— Humanity & Inclusion UK (@HI_UK) April 6, 2020
— IDDC (@iddcconsortium) April 6, 2020
Some masks that cover the faces of health workers can make it challenging for deaf people or those who rely on lipreading for communication. This innovation from a college student is supporting to overcome this challenge.
There were also calls to support and improve tele-rehabilitation, to continue providing an essential service to those who need it, in a time of restrictions and over-stressed health systems.
What can individuals and organisations do to support global advocacy on disability and COVID-19?
Twitter participants described the use of stories as a key advocacy tool in promoting inclusion and in promoting the needs and experiences of people with disabilities. These should be accompanied by the collection of disaggregated data on sex, age and disability to support the development of accounts of the impact of the COVID 19 pandemic on people with disabilities. The Chronic Illness and Disability Inclusion Project are rapidly gathering evidence for a UK parliamentary inquiry into the unequal impact of COVID19, you could reach out to them if you have a story to share.
We also learned of many examples where people have written to local media and also used social media as an advocacy platform.
A6: We wrote in local Internet media to raise awareness and not to forget about the most vulnerable to #COVID19 Disability activists also used radio and social media to push for increased support take into account their interests and needs. https://t.co/xn4MVddQY8 #DisabilityC19
— Dilmurad Yusupov (@d_yusupov) April 6, 2020
Taking a twin-track approach to responding to the needs of people with disability was identified in twitter responses. This means mainstreaming adaptations for people with disability within all COVID responses, but that this should be coupled with disability specific responses to ensure protection and support. This was highlighted as particularly important by twitter participants in enabling the attainment of essential supplies. For example, specific opening hours in supermarkets are one example of a key mechanism to ensure inclusion and adaptation.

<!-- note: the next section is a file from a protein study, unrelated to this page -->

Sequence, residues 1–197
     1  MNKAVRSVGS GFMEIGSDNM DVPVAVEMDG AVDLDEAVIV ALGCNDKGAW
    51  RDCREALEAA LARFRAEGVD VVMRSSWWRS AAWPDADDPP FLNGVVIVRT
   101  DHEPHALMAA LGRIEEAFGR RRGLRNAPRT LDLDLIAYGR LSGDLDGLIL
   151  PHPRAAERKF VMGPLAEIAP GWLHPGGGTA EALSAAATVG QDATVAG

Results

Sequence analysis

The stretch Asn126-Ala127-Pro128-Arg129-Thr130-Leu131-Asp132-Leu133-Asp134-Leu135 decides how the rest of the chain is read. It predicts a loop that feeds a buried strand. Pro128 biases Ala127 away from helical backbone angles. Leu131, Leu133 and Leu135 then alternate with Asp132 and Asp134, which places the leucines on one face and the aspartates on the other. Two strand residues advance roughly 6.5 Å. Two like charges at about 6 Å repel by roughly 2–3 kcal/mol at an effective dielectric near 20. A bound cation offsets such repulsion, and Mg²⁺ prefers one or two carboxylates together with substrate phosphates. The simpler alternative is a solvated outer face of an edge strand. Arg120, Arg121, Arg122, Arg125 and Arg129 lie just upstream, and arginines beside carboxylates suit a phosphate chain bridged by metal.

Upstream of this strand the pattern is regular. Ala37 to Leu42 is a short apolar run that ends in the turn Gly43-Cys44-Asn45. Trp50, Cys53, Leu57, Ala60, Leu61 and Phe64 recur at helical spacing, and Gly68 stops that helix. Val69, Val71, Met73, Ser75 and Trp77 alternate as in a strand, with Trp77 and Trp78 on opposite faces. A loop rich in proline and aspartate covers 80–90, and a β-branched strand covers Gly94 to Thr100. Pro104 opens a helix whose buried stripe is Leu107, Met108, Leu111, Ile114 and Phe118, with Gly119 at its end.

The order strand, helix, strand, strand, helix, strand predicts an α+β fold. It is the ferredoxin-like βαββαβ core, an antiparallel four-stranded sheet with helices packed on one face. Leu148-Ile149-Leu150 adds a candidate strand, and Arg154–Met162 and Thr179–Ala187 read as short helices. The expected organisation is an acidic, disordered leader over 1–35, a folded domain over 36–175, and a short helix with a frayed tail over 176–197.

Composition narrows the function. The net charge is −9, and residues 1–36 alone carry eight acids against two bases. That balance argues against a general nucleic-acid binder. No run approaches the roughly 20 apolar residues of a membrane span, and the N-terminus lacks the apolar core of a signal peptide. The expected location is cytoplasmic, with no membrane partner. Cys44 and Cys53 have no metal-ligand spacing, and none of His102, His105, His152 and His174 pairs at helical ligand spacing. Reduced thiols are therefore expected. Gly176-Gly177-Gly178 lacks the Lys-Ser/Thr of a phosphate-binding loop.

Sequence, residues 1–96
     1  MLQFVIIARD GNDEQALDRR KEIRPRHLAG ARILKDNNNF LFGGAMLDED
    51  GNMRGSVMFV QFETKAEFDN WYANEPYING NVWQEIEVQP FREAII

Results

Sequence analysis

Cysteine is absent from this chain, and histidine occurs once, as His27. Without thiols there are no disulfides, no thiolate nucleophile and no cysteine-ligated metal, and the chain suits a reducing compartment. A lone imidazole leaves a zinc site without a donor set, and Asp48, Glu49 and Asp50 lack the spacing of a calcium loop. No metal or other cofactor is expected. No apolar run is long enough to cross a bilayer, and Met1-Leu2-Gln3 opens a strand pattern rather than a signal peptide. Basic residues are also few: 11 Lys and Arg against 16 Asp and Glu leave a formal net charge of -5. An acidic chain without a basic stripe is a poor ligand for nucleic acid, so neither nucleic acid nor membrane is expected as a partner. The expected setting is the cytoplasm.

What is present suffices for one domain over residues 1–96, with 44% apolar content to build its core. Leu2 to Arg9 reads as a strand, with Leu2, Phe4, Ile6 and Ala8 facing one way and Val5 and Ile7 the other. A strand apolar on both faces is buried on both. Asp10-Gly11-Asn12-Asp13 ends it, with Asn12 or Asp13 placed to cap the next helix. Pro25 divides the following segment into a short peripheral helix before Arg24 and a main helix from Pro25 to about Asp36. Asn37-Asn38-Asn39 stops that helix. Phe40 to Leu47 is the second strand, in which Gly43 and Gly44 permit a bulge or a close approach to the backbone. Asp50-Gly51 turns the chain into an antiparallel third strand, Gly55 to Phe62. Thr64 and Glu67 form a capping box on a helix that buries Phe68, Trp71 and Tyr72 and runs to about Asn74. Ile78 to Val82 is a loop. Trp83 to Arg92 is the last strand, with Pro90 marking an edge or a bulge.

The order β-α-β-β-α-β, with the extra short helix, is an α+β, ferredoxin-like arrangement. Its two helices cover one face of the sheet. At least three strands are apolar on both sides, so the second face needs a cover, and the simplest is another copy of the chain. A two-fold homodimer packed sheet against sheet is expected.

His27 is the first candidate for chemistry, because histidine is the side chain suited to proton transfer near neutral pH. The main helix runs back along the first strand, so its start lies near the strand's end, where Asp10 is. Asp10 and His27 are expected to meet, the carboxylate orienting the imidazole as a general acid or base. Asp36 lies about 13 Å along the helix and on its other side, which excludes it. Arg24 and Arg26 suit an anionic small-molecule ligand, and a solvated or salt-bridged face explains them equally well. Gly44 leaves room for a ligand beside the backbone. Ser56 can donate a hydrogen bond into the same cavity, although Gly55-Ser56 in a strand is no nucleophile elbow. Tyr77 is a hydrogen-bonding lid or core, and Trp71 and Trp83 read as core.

A6: In #Philippines, hours before a nation-wide #COVID19 lockdown, CRS staff helped over 100 vulnerable families, including the elderly & people with disabilities, move to secure housing and provided food baskets/cash assistance for additional food & hygiene items. #DisabilityC19
— CRS_Expertise (@CRS_Expertise) April 6, 2020
Organisations who can provide social protection and financial support to people with disabilities who will be hit harder by the pandemic was described as essential. We do not understand well enough how this can be done in low- and middle-income countries.
Developing clear action plans for the inclusion of people with disability during the crisis period was also thought of as essential. These should be developed in collaboration with people with disabilities. Global and country specific plans are both equally as essential.
A-7 What are the concrete disaster plans for the elderly and Persons with disabilities. What are the new policies planned to be useful across the world. Strict laws to be enforced for the implementation. How can it be done.#DisabilityC19
— Jayashree Kumar (@JkumarJayashree) April 7, 2020
Additional information about disability inclusive responses in the COVID-19 response?
Throughout the twitter chat we were inundated with responses that highlight particularly useful information sources in supporting disability inclusive responses. We have summarised these information sources in a table to enable us to continue to learn together.Summary table of information sources on disability and COVID19
From the recommendations of our tweeters, it was clear that in looking for further information, always look first for information shared by people with disabilities, representative organisations (such as national federations of disabled people) and their caregivers.
If you are a frequent twitter user, why not also follow all of our Expert Tweeters who are constantly sharing useful resources.